Family: Rosaceae (Rose family)
Height: up to 1.2 m (up to 4 ft)
Spiraea tomentosa L.
Stem: erect, usually not branched. It starts fuzzy with brown hairs covering becoming hairless and woody.
Flowers: are lusciously creamy pink to purplish-pink, sometimes with a rare white form. Each inflorescence can have about 150 - 15,000 flowers. The stamens (boy-parts) are longer than the five petals.
Leaves: the leaves are alternately arranged with a rusty, white to tan woolly underside of the leaf. They are 3-7 cm (1.2-2.75 in) long with a pointed tip. The leaves are deeply veined (as seen in the picture). The top of the leaf is sometimes hairy but darker than the underside. They are toothed.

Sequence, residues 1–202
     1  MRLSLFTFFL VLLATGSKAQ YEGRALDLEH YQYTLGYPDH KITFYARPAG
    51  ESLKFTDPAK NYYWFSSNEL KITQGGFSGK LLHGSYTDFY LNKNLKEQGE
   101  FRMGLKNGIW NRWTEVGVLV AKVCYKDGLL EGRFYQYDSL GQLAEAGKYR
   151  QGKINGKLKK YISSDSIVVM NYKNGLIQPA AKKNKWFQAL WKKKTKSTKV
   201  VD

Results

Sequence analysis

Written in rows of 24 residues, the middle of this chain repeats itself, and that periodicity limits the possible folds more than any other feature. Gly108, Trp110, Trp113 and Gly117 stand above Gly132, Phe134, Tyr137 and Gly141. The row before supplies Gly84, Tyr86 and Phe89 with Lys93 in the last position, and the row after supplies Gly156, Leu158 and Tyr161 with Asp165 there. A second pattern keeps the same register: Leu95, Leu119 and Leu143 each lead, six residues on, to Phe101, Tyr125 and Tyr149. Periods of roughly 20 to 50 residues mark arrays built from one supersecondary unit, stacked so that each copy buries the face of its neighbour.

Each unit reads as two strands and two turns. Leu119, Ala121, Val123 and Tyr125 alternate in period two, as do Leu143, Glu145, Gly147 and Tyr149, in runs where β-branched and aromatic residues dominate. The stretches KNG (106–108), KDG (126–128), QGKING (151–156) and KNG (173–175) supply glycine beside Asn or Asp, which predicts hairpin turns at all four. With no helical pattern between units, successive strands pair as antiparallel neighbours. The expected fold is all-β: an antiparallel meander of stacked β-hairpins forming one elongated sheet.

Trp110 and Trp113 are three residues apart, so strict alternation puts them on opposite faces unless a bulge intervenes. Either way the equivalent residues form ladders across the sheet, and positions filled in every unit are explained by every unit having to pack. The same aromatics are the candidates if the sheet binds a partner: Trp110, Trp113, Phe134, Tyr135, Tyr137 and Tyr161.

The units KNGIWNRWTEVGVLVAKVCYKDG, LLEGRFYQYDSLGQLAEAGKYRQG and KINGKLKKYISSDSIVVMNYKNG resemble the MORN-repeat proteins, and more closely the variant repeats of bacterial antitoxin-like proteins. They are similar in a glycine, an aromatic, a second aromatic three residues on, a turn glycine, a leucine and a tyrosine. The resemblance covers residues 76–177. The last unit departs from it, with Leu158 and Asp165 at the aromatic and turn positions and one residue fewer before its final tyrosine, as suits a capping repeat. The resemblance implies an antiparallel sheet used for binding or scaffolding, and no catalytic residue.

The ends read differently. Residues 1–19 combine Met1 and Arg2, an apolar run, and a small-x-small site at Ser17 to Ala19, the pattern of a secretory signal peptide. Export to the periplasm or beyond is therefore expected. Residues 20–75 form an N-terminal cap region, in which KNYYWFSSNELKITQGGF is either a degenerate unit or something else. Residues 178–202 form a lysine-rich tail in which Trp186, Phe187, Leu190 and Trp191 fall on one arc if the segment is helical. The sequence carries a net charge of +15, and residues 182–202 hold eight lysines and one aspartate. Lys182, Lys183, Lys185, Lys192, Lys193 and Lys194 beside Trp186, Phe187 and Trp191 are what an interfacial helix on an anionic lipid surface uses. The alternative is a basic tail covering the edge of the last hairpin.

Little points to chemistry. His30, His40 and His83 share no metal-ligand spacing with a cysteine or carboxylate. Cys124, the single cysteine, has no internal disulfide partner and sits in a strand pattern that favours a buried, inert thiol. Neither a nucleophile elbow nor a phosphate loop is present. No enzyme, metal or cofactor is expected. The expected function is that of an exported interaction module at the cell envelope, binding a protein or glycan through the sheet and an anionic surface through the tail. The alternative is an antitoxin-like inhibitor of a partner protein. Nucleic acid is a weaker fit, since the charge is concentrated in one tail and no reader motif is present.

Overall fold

Fruit: wooly capsules.
Ideal condition: found in wet meadows of Northwest Indiana.
SOURCES & FURTHER RESOURCES:
all photos by Nathanael Pilla
Landscape: a strong standing, gorgeous addition to a native landscape. Attracts butterflies and birds!
Comments: Steeplebush is a treat to find when walking through prairies of Northwest Indiana. It is similar to its cousin, meadowsweet (Spiraea alba), but meadowsweet's leaves and fruits are usually hairless.
Etymology: Vplants states that "Spiraea comes from the Greek word speiraira, a plant used to make garlands. Tomentosa means densely wooly".